“Multiple buses powered by fuel cells will be covering various iconic routes. Efforts are underway to leverage the vast CNG pipeline infrastructure to reduce the transportation cost of hydrogen,” Pradhan said adding that the utility of hydrogen is not going to be limited only to the transport sector. “Role of hydrogen as a chemical is well known. We all now recognize the importance of hydrogen as an energy carrier and efforts are underway to devise ways to harness it in a reliable, cost-effective and safe manner,” he added.

The Minister said that India remains committed to environmental and climate causes with a massive thrust on deploying renewable energy and energy efficiency measures. “In the past six years, India has increased its renewable power portfolio from 32 GW to almost 100 GW. We are well on track to achieve the 450 GW target of renewable energy generating capacity by 2030,” he stated. WITH ANI INPUTS

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MUMBAI HAS 90 CONTAINMENT ZONES, 995 SEALED BUILDINGS

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Cases of Covid-19 are increasing at an alarming pace in Maharashtra, with the second wave having a major impact on Mumbai. The daily number of cases is way past the peak that the maximum city had experienced in August/September 2020.

To contain the spread of Covid-19, the Brihanmumbai Municipal Corporation (BMC) has resorted to various measures, including sealing buildings and making mini-containment zones. As per current norms, if one or more Covid-19 patients are found in a building, then the entire floor is sealed. If more than five patients are found infected, the building is sealed by the municipal corporation. Mumbai police also keeps home guards outside such buildings to ensure rules are not broken.

According to the BMC, at present Mumbai has 90 containment zones in slums and “chawls” (old multi-storeyed row tenements), while 995 buildings have been sealed.

However, if the building is small, the municipal corporation has no problem in sealing the entire building. But when there are many buildings or wings in the complex, it becomes a problem for other residents.

To avoid any inconvenience to other residents, the municipal corporation has adopted a policy of sealing the floors or the entire wing of the building, instead of completely sealing the building. Besides, the authority to seal the building has been given to local authorities.

The city’s Covid-19 recovery rate stood at 81 per cent, while the case growth rate was 1.71 per cent.

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Historical monuments, museums closed till 15 May amid Covid surge

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All monuments, sites, and museums under the Archaeological Survey of India (ASI) will be closed till 15 May or until further orders in light of the ongoing second wave of the Covid-19 pandemic.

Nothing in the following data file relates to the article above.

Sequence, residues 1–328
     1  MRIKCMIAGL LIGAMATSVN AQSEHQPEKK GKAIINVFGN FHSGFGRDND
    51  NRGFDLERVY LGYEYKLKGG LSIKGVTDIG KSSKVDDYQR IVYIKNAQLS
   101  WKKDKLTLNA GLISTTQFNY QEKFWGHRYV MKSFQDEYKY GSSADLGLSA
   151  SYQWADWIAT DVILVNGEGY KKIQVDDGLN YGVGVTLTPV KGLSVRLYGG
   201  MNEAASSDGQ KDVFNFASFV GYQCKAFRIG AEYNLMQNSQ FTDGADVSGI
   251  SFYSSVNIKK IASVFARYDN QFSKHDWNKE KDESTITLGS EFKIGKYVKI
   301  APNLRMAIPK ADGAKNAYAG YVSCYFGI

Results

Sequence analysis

“Due to the prevailing Covid-19 situation, it has been decided to close all the Centrally Protect monuments/sites and museums under the Archaeological Survey of India with immediate effect and till May 15, 2021, or until further orders,” the order read. Minister of State for Culture and Tourism Prahlad Singh Patel also tweeted the order, saying, “Given the current outbreak of the corona epidemic, @MinOfCultureGoI (Ministry of Culture), @ASIGoI (Archaeological Survey of India) has decided to close all the monuments protected by it till the 15th of May.”

Similar measures were taken in March last year when the pandemic broke out. In December 2020, the ASI removed the cap on the number of visitors to its protected monuments as cases started to reduce. India on Wednesday achieved a grim milestone by recording over two lakh cases. The country is currently the second worst-hit country in the world in terms of coronavirus cases, with the United States being the worst affected.

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VACCINATION DRIVE SOUGHT FOR COVID-HIT MEDIA PERSONNEL

In the past three days, 5 media persons have died in Maharashtra battling coronavirus.

Urvashi Khona

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On Thursday, Prakash Jadhav, a journalist by profession, died by committing suicide reportedly after failing to acquire Remdesivir injection. Jadhav, who lived in the Sushil Nagar area of Solapur city, was only 35 years of age; he ended his life by cutting his wrist at his residence. On Wednesday, there were four media professionals from Nashik who lost their lives battling against Covid-19–Vinod Shadrul, Sandip Rokde and Asif Tamboli were from the local media, while Shyam Mule was a newspaper distributor.

With media professionals severely hit by Covid-19, Prafful Sarda, an officer on special duty to the Minister of State (R), Government of Maharashtra, and chairman MWAC Dr Raghunath Kuchik, who is also deputy leader of Shiv Sena, wrote to Maharashtra Chief Minister Uddhav Thackeray, Maharashtra Health Minister Rajesh Tope And Union Health Minister Dr Harshvardhan and his team and to Balram Bhargav ICMR, Director General.